It appears that as the Python governance has shifted, that the PEP process is in fact drifting further away from a process that is wholly workable for the PyPA. While we can continue to try and force it, I think it’s a much saner idea to establish our own processes.
edit: Note that, in this situation – we need the mentoring that’s part of the PEP Sponsor role. Even in a dedicated PyPA process, we’d still need that part but all PyPA folks would be allowed to be sponsors (vs a small overlapping subset). If folks think that’s the issue here (we have someone who’s PyPA but not CPython core dev who can mentor), that’d be an argument in favor of adopting a dedicated, separated process.
My main concern with a separate process is that as things stand right now, even core developers are quick to jump on the packaging ecosystem, sometimes publicly. This is because python has historically focused on other aspects of the language design and considered packaging as either a secondary aspect or as one that isn’t really integral to the language. The result is that there is a strong separation between packaging and the language itself, and it’s underscored by the request to move the packaging process out of the PEP process.
Having a completely independent process will IMO be a symbolic gesture that says basically: packaging isn’t considered integral to the language and isn’t a consideration in language design.
On the other hand there is a wide array of functionality in the standard library and subsections of the core development team have expertise in different areas of the standard library. So the alternative is to treat packaging as any other subsection of the language with a bunch of experts on the particular topic even if not everyone is interested. Certainly it has a massive impact and I tend to think it would be a mistake to discount it from discussions that impact language design.
I disagree with this. I think if anything it’s a nice “break with the past” that indicates that Python packaging is becoming such a priority that we can no longer piggy-back on the PEP process and we as an organization take specifications and communication seriously.
I also think it’s useful for there to be some distance between core dev and PyPA because core dev is focused on CPython, whereas PyPA has to serve the needs of everyone, including projects like PyPy and Beeware, which have their own packaging challenges.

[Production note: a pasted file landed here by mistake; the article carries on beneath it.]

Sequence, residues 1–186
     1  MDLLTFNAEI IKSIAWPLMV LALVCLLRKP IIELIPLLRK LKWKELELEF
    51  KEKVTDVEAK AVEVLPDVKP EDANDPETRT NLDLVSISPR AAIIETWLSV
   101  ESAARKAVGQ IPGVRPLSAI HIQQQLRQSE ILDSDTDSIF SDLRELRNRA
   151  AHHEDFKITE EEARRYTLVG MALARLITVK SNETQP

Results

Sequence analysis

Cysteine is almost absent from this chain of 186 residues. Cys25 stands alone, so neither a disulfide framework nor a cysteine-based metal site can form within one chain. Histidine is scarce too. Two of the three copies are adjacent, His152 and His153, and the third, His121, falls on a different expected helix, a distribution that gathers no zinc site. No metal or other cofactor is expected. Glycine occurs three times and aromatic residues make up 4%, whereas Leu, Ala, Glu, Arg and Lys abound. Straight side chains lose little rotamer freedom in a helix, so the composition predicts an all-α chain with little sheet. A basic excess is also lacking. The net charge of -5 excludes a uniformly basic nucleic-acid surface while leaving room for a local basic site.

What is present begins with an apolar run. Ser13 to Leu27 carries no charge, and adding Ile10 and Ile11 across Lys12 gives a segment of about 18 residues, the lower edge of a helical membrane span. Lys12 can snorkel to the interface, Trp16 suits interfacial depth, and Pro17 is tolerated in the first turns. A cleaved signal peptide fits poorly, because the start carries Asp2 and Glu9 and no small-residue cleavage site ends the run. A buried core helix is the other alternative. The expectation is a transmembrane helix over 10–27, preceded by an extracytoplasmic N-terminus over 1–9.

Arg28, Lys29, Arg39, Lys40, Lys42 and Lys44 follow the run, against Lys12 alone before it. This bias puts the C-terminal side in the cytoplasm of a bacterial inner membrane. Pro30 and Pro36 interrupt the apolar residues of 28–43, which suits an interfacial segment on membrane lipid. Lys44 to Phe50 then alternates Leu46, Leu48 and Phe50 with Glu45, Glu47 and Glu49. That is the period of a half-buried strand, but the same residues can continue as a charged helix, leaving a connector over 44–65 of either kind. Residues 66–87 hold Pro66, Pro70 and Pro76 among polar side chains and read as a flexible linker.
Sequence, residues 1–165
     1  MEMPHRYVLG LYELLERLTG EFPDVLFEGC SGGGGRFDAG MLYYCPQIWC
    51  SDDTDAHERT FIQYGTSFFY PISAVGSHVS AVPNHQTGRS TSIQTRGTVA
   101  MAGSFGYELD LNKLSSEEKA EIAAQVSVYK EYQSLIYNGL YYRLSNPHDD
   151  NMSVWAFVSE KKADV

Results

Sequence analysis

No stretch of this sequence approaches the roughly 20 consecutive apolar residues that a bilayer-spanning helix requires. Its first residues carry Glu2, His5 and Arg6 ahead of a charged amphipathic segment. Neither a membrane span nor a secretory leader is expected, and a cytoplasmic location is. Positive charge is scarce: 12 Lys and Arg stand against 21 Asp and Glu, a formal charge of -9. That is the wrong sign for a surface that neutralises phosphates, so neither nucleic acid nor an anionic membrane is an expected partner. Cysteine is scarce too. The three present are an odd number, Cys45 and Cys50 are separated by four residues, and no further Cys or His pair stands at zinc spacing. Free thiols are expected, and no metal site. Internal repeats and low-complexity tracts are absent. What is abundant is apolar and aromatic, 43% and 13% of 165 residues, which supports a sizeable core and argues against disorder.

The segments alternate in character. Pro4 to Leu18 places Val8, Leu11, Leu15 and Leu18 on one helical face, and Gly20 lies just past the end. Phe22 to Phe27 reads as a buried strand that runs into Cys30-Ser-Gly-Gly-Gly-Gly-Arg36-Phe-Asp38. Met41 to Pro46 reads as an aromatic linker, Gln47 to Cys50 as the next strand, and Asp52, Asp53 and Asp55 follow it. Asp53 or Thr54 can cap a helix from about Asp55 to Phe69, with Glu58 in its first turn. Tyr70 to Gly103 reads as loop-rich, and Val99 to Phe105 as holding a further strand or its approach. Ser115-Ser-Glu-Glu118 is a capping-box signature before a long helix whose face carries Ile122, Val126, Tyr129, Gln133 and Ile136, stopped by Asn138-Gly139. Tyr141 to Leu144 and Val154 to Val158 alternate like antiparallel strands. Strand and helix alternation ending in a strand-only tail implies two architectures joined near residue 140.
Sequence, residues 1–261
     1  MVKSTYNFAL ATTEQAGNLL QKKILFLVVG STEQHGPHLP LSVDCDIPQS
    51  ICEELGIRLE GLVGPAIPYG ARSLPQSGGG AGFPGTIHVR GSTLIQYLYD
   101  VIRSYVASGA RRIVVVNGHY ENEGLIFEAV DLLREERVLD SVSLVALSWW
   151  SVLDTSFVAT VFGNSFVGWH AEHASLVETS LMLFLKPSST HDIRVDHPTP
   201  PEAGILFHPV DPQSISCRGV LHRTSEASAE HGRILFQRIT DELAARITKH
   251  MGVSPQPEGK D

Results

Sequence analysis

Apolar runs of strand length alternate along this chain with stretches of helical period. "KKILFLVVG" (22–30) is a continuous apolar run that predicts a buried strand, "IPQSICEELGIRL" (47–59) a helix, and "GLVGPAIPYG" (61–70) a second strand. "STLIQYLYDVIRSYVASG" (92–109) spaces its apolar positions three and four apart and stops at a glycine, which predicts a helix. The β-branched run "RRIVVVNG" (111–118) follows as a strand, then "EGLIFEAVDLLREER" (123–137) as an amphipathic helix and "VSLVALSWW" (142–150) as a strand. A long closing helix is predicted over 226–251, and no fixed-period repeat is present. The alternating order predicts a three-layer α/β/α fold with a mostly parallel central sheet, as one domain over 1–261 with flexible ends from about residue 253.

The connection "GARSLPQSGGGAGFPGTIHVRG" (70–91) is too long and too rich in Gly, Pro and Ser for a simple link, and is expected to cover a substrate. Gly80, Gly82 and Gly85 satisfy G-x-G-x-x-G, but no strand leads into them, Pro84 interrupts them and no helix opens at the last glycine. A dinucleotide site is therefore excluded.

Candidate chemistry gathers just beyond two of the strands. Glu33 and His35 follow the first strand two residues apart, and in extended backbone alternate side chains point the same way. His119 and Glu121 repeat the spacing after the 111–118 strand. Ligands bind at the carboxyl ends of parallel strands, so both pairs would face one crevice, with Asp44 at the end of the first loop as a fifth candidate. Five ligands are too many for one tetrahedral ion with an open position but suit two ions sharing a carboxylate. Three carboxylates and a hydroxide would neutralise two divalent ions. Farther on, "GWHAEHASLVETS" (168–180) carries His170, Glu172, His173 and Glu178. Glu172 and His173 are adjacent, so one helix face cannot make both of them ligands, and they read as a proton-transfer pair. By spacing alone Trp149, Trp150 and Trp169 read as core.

I’d prefer to see more distance between core dev and CPython, frankly.
The PEP process is predominantly about Python language and ecosystem. As the reference implementation, CPython is the baseline for “can it be implemented” as well as a required target, but the language design applies to all implementations. As such, I like having the packaging PEPs be in there, even if the SC establishes an alternative review and approval process for packaging PEPs (which they can totally do, as that’s basically the only power our governance model gives them )
I agree with Nick regarding the requests in this thread, for changes to the PEP process.
Looking at how this discussion has evolved till now, it probably makes sense to escalate this issue to the SC, trusting them to make the judgement call on how “broad” the PEP process should be.
I’ll file an issue on the SC issue tracker, requesting the SC for a decision/inputs, in early Jan 2020 (i.e. after the year-end vacations), assuming everyone here is OK with me doing this (holler if you aren’t) and there’s no active discussion here about this, at that time.
Please be VERY clear about what you’re asking about/for. We have no idea who will be on the council come January and so there may be no people on there with any context as to this entire discussion. So please have agreement here on what is going to be asked before making the request, else it’s just going to be a bunch of back-and-forth and questions as to why anything is being asked to begin with if the ask wasn’t agreed upon here already.
My calendar notification about moving this forward, popped up a few days ago.
I’m still going through all the discussions related to this, to try to summarize the situation (and what all we’ve discussed). I’m hoping that it’ll better surface the concerns and trade-offs that we’re dealing with here. I’ll be posting that here once that’s done, for further discussion.
As per my current understanding, there are “smaller” questions here, but the main question we want to ask the SC is:
Should related-but-separate groups within the Python community (like the PyPA) use the PEP process for publishing their interoperability specifications?